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Cancer sufferers face loneliness once diagnosed

  • ITV News report by Olivia Kinsley

Around one in eight people diagnosed with cancer feel they have lost touch with friends as a result of the disease, according to a survey by Macmillan Cancer Support.

The charity says that talking to close friends and relatives is important for sufferers dealing with the illness - but not enough people are getting the support they need.

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Report: Loneliness and the internet

  • Older people aren't necessarily lonely for geographical reasons, the charity have said.
  • On average we're all just 126 steps or 65 metres - from someone aged 65 or over who is feeling lonely, the report added.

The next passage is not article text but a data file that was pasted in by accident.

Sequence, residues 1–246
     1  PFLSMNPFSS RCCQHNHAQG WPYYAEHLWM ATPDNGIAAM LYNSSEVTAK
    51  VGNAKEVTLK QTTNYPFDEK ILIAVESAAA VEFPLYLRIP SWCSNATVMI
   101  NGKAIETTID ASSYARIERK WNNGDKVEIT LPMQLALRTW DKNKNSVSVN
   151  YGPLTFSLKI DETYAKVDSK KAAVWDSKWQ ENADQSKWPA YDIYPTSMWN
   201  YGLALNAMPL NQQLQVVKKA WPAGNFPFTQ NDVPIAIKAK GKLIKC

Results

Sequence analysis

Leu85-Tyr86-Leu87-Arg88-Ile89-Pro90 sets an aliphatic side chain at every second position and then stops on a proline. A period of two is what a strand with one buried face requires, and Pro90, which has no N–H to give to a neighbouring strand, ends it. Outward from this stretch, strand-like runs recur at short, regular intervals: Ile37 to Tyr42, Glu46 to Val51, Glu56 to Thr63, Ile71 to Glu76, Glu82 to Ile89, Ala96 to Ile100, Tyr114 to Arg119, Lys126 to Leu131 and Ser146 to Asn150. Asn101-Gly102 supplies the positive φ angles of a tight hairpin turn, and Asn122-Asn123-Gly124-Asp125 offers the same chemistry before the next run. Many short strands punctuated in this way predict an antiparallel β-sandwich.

• Similarly, young people are facing huge challenges which can lead to isolation in today's tough climate such as high unemployment and negative perceptions of youth.
  • The Internet is a vital tool in tackling isolation and loneliness, the charity found.
  • Over a quarter (28%) of people aged 65 or over who admitted to feeling lonely said that keeping in contact with family and friends via the web helped relieve feelings of isolation.
  • 70% of young people aged 16-25 said they use the Internet every day to contact friends and family.

Charities want computer courses for over 65s

Two charities have joined forces to tackle loneliness and isolation across generations.

Computer courses will encourage two generations to work together Credit: Adam Peck/PA Wire

Age UK and YouthNet are calling on runners to take part in next year's London Marathon to raise money for computer classes for the elderly.

700 young volunteers will be given the opportunity to develop their confidence and learn new skills by sharing their digital experience with 10,000 older people in their local communities.

For more information visit www.runforit.org.uk or call 0800 169 87 87 or email info@runforit.org.uk.

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